Roadtrips, Roos and Good Old Aussie Radio

Trip Start Feb 02, 2006
Trip End Aug 09, 2006

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Sunday, May 14, 2006

The coastal road between Melbourne and Sydney is considered by Australians to be a well-kept secret. Few foreign tourists venture to this corner of Australia which is surprising given that it holds some of the most diverse and spectacular natural beauty on the island, but we were now to tackle it armed with a battered old estate car and a leaky tent. From Melbourne our drive would take us through the Lakes District and National Parks of East Victoria then up along the northbound coastline of New South Wales into the Blue Mountains before finally descending into Sydney six days and 1200 miles later.

The first thing that strikes you about driving through Australia is how disappointingly distanced map points are. Our intention on the first day had been to make it to Wilson's Promontory, one of the most popular National Parks in Australia because of it's abundance of wildlife and variety of beach activities, but it took two hours of driving in circles and indicating with our window-wipers just to clear the ugly, sprawling suburbs of Melbourne. It was early evening before we reached a quiet picnic spot at Kilcunda, still three hours from Wilson's, where we watched frothy waves crash repeatedly with mighty force against a wind-swept, rain sodden beach. Above us thick grey clouds stretched out in every direction and later that day a fisherman would be swept to his death from a stretch of beach just 15 miles from where we stood now. It was winter here at the southern most tip of mainland Australia, and we knew it.

Over the course of the first two days we made our way through the small, oddly-titled towns of South Victoria: Ku-Wee-Rup, Wonthaggi, Fish Creek, Welshpool, and on Tuesday night we rested at the ridiculously named Loch Sport where we found, much to our enjoyment, a crown green bowls tournament taking place on a roll-out mat in the pub. That night was horrific with a wind which kept us awake and rain so dense that it eventually broke through our outer tent and sprinkled a light covering of dampness over us. At one point we woke to find the tent leaning a little too precariously for comfort, and in my semi-conscious state I snatched at the inner-tent and pole to save us from being hurled off into the Southern Ocean, much to Giovanna's amusement. We decided it was time to get out of Victoria.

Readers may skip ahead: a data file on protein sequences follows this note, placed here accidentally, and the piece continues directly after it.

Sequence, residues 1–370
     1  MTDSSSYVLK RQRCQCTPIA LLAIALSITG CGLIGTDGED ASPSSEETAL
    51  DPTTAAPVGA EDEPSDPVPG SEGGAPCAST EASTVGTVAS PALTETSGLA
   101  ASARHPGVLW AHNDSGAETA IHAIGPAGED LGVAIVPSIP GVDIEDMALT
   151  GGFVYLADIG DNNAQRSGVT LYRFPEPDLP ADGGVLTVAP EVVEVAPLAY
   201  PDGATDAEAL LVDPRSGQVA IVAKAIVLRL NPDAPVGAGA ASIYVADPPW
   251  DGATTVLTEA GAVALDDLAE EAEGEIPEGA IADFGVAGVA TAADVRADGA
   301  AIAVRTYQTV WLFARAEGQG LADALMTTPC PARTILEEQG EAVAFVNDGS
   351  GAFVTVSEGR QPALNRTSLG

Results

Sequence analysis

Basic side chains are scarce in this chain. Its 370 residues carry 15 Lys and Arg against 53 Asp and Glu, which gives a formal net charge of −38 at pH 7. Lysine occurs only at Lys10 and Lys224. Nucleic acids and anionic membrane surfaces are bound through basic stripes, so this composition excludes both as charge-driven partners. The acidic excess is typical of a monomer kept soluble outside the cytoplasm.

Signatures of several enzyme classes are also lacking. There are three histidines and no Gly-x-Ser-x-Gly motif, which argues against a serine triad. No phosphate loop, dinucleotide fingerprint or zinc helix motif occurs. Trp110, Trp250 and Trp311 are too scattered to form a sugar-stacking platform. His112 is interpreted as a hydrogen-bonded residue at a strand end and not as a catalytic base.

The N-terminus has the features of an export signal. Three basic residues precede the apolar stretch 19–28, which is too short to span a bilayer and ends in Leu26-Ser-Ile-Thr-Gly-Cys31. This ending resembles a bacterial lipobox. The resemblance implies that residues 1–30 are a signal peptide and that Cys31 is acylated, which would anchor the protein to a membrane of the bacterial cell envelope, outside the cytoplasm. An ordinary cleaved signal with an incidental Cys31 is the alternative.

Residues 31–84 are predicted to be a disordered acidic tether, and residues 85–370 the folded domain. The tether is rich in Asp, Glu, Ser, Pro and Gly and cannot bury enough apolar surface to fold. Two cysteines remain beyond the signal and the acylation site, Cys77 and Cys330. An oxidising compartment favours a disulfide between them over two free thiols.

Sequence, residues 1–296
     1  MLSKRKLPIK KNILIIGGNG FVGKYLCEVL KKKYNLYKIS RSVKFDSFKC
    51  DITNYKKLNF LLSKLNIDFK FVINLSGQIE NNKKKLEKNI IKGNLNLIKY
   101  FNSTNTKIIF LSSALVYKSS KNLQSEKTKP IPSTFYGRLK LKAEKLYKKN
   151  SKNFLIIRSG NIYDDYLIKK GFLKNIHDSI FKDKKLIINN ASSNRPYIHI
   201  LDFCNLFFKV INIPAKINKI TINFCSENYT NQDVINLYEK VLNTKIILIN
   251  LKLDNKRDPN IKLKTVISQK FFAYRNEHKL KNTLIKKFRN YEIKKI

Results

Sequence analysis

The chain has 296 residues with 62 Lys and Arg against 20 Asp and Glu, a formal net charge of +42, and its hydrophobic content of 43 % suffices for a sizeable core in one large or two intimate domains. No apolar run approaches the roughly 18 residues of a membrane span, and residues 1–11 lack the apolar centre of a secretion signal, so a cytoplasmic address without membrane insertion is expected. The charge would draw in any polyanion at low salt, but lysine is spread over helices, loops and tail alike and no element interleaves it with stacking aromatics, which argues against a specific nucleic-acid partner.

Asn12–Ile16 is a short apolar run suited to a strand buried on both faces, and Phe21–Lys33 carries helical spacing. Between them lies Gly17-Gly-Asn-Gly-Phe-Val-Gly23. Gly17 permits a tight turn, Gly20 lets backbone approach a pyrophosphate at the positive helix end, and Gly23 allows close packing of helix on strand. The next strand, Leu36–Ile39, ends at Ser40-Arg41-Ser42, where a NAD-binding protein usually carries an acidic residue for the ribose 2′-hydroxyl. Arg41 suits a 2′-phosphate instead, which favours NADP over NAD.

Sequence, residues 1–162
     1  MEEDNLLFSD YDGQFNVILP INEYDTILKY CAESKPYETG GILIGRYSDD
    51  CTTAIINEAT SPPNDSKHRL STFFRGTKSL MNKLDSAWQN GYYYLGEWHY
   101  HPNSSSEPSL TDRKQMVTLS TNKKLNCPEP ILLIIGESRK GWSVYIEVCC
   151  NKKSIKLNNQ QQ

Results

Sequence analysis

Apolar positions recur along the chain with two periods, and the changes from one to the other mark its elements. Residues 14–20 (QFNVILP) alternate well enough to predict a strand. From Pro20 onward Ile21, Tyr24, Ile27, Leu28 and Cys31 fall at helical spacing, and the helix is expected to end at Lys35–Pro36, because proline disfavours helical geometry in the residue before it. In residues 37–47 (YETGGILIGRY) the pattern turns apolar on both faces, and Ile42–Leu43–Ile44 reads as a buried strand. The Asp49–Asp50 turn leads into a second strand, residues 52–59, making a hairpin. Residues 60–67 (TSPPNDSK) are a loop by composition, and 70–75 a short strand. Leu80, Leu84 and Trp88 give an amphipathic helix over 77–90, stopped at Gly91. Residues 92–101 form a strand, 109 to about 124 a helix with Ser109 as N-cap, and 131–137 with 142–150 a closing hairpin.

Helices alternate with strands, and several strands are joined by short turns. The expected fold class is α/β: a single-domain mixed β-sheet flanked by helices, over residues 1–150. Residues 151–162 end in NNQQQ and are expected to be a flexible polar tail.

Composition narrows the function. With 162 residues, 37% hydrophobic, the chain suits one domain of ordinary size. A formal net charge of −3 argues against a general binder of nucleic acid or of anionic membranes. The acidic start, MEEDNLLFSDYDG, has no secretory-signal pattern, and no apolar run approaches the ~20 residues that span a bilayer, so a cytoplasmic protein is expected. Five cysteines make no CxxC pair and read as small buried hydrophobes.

Before we did however, we embarked upon a Roo hunt in the nearby Lakes National Park, where we spent two unsuccessful hours searching through the bush in stealth-like fashion only to return to the car park to find three of them staring inquisitively at our stationwagon. Then on the drive out of Loch Sport we rounded a bend to find one standing immediately in front of us in the middle of the road forcing us to swerve dangerously to avoid extensive damage to both car and kangaroo. What a strange place Australia is we thought.

From Loch Sport we were determined to reach New South Wales by sundown so sprinted in rain through several tightly packed National Parks, the imposing mountains of The Great Dividing Range to our left and the runaway plains of Gippsland to the right. It was a glorious drive but somehow it all looked understated in the dullness of the day.

One thing driving through Australia does provide you with is an invaluable exposure to the Aussie culture and sense of humour through the medium of local radio. The big news this week was that two blokes, Brant and Todd, had in that quintessential Australian way got themselves trapped down a mine shaft in Tasmania for two weeks, creating a media frenzy around why the mine was unsafe, and more to the point, where the bloody hell Skippy was.